The Chickenization of Women
by Anne Hart
Have you ever noticed how often women are referred to as poultry? Young women are brow-plucking chicks. Married women ruffle feathers. They egg men on at work and cluck kids off to school. Mothers watch their broods. Child-rearing ends with the empty-nest syndrome. Husbands at home are henpecked by their wives. Runaway wives have flown the coop, while stay-at-home husbands feel ‘fowl' cooped up...
The object of W.C. Fields' affection was "My little Chickadee." Married women feather their nests. She squawks her alimony is birdseed, but her ex calls her a vulture. "Wait ‘till that poulet digs her talons in your wallet," grooms are warned. "She'll watch you like a hawk." She scratches for a raise like a hen dancing on a turntable, going in circles to get visibility and recognition. Long experience makes her the sharp-beaked mother hen who trains younger males for her dream job.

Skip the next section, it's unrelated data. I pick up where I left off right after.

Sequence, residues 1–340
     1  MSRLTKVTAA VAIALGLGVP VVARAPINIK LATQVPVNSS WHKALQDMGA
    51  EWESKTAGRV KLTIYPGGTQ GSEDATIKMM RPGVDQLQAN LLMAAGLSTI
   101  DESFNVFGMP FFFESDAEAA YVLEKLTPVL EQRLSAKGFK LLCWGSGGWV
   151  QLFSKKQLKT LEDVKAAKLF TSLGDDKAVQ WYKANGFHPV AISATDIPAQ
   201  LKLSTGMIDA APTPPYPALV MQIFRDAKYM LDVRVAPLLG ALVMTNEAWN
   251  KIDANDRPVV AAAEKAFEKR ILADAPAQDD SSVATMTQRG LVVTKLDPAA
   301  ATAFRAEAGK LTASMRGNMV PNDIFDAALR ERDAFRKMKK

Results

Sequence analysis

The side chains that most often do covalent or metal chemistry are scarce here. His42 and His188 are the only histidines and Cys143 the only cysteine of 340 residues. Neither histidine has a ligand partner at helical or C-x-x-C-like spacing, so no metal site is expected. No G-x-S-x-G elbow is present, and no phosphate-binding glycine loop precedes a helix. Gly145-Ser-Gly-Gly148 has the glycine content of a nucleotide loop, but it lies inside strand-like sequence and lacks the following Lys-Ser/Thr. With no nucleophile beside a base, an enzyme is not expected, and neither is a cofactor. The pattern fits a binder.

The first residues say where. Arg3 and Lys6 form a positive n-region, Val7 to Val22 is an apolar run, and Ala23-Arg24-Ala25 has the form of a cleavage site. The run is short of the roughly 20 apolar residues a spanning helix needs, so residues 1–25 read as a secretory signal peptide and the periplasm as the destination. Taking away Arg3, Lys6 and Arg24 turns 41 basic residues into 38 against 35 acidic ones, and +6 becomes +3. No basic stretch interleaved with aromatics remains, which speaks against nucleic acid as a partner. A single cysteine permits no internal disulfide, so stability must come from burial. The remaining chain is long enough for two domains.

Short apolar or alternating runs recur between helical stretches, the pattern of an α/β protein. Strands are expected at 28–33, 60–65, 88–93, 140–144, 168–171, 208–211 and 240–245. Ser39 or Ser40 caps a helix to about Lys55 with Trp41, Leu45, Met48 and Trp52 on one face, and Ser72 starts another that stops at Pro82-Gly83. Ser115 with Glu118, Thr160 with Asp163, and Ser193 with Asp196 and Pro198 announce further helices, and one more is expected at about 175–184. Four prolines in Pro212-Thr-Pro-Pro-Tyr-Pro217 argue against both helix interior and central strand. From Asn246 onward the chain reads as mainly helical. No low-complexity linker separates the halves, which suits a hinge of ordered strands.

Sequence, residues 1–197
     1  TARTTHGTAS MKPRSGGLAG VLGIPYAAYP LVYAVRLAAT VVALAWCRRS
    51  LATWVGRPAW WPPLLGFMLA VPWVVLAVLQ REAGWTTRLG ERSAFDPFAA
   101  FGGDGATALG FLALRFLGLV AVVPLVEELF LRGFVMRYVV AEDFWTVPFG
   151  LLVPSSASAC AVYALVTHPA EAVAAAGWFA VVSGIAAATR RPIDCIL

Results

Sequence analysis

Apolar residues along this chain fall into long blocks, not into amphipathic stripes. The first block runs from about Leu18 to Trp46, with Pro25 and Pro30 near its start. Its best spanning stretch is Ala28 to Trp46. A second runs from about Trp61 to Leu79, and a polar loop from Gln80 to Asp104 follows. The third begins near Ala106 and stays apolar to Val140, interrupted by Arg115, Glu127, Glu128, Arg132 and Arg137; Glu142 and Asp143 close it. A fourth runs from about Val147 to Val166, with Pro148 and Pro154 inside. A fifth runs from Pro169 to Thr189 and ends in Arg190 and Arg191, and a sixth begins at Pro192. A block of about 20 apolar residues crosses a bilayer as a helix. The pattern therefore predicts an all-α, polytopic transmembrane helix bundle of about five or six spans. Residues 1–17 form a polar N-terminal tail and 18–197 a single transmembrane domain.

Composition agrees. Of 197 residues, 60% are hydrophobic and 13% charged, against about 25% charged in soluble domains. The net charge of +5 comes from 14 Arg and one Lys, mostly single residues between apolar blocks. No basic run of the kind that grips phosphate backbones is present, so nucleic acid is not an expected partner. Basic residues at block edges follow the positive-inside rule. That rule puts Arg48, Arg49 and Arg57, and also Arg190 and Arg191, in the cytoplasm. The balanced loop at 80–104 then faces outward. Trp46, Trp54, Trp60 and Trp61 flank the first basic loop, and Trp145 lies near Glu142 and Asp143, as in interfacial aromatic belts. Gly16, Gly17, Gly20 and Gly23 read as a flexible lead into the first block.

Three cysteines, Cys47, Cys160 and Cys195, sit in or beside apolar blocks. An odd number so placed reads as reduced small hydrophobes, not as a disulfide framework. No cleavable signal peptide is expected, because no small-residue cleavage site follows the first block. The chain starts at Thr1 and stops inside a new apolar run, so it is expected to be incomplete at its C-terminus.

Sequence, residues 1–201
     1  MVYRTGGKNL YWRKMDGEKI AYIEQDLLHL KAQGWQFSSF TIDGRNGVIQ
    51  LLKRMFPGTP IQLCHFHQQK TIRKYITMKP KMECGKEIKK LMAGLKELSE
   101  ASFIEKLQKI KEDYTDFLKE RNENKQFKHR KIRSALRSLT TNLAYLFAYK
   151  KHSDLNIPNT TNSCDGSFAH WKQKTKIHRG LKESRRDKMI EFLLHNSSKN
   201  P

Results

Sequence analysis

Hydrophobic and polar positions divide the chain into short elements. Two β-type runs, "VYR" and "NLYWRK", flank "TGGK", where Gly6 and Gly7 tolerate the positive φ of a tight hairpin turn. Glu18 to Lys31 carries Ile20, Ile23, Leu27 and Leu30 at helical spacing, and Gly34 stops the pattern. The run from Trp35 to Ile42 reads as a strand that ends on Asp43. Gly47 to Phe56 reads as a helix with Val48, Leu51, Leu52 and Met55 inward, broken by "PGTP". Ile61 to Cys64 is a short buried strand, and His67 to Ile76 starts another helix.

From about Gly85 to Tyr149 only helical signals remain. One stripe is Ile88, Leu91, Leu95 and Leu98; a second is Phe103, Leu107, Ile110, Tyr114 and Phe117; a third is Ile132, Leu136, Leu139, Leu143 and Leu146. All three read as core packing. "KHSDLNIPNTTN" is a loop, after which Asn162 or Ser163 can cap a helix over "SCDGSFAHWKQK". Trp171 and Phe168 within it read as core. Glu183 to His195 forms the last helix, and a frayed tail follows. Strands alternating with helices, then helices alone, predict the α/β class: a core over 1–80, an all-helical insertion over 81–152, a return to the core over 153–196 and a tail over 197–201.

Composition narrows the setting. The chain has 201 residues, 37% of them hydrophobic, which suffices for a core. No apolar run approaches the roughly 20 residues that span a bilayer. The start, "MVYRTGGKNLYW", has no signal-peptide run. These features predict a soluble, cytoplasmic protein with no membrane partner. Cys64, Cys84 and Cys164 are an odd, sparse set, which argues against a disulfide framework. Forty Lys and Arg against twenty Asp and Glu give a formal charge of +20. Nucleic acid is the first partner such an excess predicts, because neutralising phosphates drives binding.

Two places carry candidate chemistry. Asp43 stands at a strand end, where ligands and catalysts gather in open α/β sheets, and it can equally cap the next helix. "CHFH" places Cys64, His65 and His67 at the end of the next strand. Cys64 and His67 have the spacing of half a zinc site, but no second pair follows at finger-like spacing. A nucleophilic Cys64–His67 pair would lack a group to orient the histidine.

In Arabic, a beautiful woman is a ‘fistoo,' a piece of chicken thigh. Women are elder biddies, old crows, or Ladybirds. "She's no spring chicken," say men about mature women. A sorority is called the "hen house." A woman alone is a sitting duck. Either her goose is cooked, or she gets goosed in a crowded elevator. An Amazon parrots the old boy's network.
When her husband uses anger to get power, she walks on egg shells. To be feminine is to be chicken. Is it any coincidence that so many women's wages are chickenfeed?
Originally written in 1979 by Anne Hart, writing under maiden name, Anne D'Arcy also appeared in the Mensa Bulletin, 1979, the San Diego Union-Tribune June 17, 1985 also appeared in Dear Abby in 1984. (copyright by Anne Hart)
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